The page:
During fertilisation, an egg and a sperm fuse to form a new embryo. To create the egg, a precursor cell called an oocyte undergoes meiosis: a specialised form of cell division in which half the chromosomes are separated away leaving exactly the right number of chromosomes in the egg. Meiosis in human oocytes is highly error-prone, which can cause the egg to have the wrong number of chromosomes.
G protein coupled receptor (GPCR) mediated signalling is one of the largest and the most diverse signalling pathways in cellular systems. Human GPCRs sense various signals and activate different Gα proteins to trigger distinct cellular responses. This signalling pathway is important for a broad range of processes such as regulation of the immune system, neurotransmission, vision, taste, and smell.
The proteasome is a protein recycling complex that plays a critical role in the smooth running of our cells. It is present in all multicellular organisms and facilitates cell renewal and the controlled death of damaged cells.
Genes in eukaryotic organisms are frequently interrupted by non-coding segments called introns. Before the protein can be produced, the entire length of each gene including the introns, is transcribed to produce precursor messenger RNA (pre-mRNA). An immense and dynamic molecular machine known as the spliceosome then removes the introns and splices the coding segments together to form mature mRNA, which can then be translated into proteins.
The anaphase-promoting complex (APC/C) is an unusually large multi-subunit complex that has a key role in cell division, controlling chromosome segregation and the cell cycle. Using electron cryo-microscopy (cryo-EM), David Barford and his group in the LMB’s Structural Studies Division have solved the first atomic structure of the APC/C, revealing its molecular architecture in unprecedented detail.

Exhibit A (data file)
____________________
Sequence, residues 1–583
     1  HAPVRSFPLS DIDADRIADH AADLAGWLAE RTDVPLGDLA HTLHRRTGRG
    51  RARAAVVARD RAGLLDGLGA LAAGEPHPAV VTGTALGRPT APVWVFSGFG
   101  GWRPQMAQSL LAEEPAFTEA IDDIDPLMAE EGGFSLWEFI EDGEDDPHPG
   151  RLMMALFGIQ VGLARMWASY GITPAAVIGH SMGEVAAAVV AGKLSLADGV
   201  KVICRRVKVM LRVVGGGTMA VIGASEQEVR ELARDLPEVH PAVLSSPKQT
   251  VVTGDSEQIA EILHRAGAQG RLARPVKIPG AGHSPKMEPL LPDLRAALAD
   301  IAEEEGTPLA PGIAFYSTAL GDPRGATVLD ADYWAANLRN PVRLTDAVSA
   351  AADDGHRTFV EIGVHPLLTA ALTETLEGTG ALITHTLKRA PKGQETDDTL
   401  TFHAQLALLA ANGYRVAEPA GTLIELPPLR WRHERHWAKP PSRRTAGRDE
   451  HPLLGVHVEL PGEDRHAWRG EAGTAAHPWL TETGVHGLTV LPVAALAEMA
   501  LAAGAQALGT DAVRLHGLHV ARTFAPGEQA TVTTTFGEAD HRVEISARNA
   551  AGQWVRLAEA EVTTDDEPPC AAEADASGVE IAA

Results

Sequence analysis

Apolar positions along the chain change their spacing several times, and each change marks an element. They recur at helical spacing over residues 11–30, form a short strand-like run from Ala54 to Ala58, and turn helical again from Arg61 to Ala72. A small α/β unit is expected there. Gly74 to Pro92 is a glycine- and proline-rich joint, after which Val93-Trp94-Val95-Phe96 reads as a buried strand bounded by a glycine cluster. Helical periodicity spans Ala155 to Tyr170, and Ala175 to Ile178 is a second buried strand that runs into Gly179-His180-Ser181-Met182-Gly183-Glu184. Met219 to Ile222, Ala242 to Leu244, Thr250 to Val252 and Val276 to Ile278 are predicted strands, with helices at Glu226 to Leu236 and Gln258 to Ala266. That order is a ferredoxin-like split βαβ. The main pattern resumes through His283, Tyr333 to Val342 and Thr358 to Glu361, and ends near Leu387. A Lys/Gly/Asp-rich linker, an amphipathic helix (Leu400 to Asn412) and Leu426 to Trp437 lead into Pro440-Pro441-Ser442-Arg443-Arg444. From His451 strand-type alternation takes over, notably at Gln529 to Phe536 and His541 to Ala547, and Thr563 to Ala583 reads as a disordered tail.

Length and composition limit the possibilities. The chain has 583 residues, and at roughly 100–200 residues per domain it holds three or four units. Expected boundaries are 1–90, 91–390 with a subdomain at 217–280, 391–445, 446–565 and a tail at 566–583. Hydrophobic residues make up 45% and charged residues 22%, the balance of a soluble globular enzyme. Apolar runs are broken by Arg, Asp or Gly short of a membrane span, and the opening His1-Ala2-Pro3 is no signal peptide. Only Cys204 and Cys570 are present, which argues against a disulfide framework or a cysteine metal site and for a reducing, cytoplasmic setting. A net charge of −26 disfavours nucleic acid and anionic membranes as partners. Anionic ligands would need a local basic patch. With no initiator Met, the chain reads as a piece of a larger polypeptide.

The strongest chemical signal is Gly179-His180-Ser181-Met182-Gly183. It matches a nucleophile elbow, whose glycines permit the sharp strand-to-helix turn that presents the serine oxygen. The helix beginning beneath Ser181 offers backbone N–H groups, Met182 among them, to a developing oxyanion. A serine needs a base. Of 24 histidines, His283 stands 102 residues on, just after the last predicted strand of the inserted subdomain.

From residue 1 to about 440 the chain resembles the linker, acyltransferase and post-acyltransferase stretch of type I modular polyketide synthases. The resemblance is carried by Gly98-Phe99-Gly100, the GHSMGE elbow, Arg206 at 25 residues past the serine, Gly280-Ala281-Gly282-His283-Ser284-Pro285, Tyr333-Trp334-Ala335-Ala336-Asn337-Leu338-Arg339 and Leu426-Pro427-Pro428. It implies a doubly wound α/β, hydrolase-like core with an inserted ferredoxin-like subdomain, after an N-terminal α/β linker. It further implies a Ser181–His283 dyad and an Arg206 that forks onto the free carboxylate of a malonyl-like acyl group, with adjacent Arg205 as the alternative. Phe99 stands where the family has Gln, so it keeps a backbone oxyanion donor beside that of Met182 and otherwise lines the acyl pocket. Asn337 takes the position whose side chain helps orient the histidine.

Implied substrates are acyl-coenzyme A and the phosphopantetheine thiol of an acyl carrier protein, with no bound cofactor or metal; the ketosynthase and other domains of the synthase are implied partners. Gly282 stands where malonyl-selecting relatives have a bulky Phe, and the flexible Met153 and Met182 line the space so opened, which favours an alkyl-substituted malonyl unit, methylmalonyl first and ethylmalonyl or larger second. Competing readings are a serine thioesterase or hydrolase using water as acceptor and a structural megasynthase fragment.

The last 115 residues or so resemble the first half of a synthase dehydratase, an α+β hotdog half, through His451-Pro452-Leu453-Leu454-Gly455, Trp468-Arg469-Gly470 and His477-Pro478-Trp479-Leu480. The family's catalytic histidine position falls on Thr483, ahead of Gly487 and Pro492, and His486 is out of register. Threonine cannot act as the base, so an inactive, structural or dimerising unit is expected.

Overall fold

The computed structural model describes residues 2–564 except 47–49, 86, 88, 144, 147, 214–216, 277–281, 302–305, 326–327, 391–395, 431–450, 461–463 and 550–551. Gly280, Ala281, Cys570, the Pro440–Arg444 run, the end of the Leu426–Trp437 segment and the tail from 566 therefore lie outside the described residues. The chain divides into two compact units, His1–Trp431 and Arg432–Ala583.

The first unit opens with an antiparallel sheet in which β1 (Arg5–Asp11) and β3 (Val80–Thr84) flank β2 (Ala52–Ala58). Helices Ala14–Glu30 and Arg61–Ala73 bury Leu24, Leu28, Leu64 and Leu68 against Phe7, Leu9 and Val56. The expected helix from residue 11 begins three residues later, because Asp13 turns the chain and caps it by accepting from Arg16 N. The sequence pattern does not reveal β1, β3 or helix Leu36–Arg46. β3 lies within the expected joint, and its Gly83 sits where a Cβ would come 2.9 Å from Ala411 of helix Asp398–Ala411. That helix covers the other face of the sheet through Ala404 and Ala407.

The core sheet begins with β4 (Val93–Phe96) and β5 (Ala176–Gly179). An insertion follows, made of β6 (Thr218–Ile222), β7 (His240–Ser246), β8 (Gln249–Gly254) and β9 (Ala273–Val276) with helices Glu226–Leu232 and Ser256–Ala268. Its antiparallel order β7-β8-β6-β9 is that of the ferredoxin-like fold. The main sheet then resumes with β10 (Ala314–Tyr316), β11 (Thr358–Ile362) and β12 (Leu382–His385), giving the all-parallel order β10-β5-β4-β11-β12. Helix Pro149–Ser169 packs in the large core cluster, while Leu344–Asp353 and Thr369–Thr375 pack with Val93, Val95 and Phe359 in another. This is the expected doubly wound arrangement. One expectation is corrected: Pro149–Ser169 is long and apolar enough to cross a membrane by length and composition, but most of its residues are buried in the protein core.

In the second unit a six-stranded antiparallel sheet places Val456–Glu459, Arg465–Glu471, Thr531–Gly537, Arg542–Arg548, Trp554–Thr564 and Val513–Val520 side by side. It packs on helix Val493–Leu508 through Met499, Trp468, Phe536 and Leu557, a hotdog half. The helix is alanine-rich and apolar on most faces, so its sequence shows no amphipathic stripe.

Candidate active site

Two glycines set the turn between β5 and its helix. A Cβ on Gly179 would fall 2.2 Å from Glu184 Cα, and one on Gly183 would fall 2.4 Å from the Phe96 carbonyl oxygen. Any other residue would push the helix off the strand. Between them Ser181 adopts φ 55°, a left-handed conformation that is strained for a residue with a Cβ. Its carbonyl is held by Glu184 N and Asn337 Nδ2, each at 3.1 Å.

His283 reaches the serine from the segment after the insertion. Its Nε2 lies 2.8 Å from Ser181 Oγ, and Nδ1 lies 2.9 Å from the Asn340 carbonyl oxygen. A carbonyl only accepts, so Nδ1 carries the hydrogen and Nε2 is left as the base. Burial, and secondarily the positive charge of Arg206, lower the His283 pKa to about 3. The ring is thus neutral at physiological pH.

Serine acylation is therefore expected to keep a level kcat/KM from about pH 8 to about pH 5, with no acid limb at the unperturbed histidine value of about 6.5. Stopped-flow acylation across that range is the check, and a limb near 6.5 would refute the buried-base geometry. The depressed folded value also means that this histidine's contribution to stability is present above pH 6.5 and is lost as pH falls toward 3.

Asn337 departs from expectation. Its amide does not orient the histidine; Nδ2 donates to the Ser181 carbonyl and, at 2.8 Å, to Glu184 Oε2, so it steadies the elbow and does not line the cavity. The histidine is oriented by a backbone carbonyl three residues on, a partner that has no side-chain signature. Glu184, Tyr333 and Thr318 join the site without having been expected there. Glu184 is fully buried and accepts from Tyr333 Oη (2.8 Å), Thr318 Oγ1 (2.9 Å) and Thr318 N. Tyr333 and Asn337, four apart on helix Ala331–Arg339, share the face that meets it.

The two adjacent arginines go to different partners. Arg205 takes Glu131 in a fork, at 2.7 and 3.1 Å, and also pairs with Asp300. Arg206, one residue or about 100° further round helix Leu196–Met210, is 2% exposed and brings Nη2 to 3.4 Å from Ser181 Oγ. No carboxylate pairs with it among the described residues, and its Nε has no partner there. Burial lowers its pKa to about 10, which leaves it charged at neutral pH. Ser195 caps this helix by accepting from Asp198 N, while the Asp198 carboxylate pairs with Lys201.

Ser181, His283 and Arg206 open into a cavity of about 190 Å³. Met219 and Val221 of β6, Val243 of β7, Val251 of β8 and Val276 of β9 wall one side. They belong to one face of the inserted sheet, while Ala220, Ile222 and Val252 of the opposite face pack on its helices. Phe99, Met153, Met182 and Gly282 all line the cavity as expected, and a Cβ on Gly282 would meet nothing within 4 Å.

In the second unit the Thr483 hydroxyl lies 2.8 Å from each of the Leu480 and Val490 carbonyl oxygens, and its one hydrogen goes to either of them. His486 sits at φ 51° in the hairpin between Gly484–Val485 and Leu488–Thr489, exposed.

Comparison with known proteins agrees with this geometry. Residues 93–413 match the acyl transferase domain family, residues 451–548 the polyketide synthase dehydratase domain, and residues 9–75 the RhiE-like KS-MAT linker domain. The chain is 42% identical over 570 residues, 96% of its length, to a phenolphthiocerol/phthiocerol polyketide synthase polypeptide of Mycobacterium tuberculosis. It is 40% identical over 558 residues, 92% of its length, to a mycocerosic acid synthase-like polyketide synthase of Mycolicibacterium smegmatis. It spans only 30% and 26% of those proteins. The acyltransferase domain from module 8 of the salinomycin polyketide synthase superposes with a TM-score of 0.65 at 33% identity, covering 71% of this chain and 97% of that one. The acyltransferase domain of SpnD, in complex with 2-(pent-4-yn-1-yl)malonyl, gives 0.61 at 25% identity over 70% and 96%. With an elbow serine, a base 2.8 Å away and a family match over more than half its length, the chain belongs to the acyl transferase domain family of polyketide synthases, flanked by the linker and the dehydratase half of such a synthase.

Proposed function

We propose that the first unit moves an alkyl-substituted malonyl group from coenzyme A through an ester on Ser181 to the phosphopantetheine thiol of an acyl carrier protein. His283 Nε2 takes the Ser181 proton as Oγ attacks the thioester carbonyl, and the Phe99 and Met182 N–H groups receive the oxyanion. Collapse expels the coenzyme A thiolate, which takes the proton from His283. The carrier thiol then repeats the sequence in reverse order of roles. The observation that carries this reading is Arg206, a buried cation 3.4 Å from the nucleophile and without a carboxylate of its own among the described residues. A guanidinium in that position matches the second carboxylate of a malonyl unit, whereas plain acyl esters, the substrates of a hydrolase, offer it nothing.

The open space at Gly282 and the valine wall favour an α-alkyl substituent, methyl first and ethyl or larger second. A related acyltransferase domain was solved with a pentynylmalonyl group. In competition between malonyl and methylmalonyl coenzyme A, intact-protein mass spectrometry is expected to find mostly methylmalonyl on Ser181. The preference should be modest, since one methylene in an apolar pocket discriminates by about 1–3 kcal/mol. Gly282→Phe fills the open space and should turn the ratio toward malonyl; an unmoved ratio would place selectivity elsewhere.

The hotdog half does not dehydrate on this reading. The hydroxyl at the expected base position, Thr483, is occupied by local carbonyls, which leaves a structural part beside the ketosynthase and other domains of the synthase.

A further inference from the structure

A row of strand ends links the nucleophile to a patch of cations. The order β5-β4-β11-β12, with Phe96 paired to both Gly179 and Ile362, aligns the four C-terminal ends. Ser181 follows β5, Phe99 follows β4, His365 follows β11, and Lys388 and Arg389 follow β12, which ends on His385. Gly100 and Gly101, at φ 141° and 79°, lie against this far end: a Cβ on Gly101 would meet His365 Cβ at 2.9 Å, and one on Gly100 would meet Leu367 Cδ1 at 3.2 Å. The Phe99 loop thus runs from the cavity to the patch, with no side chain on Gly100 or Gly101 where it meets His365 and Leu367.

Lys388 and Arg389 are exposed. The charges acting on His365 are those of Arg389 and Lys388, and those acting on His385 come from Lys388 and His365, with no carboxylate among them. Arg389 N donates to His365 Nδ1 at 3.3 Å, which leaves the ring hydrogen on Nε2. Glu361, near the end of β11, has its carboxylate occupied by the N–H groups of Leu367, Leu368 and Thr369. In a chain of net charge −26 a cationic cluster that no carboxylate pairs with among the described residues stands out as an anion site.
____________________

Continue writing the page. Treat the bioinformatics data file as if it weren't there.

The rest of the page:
When cells divide they go through a series of phases known as the cell cycle.
Miscarriages and genetic disorders, such as Down’s syndrome, are often caused by errors when an egg develops from its progenitor cell, the oocyte. Most defects occur during meiosis, a specialised form of cell division that leads to the formation of an egg. To ensure the egg cell has exactly the right number of chromosomes, an oocyte has to separate away and remove half of its chromosomes.
Protein phosphorylation is a key post-translational modification that is used to regulate many essential cell processes. A phosphate group is added to a specific site in a protein to switch that protein on or off, depending on its role. It has been challenging to understand the function of protein phosphorylation because it is difficult to make phosphorylated proteins. However, a new method developed by Jason Chin’s group in the LMB’s PNAC Division could revolutionise this research.
Small molecules are often used to regulate the functions of proteins and provide many drugs and tools for understanding biological pathways. However, selectively controlling a specific target protein within living cells is a major challenge. Jason Chin’s group from the LMB’s PNAC Division have created a new technique called BOLT that can selectively regulate specific proteins inside cells that could not previously be targeted.
There is compelling evidence that in the distant past, our single-celled ancestors used RNA, a chemical cousin of DNA, for both genetic information storage and metabolism. This primordial “RNA world” would have needed an RNA enzyme able to replicate itself and other primordial “RNA genes”.
The structure of the actin-like protein ParM in different states has been revealed by Tanmay Bharat and Jan Löwe in collaboration with Garib Murshudov from the LMB and Carsten Sachse from the EMBL. Using electron cryo-microscopy (cryo-EM) they determined the structure of ParM to almost atomic resolution and revealed how this protein carries out the process of plasmid DNA segregation in growing bacterial cells.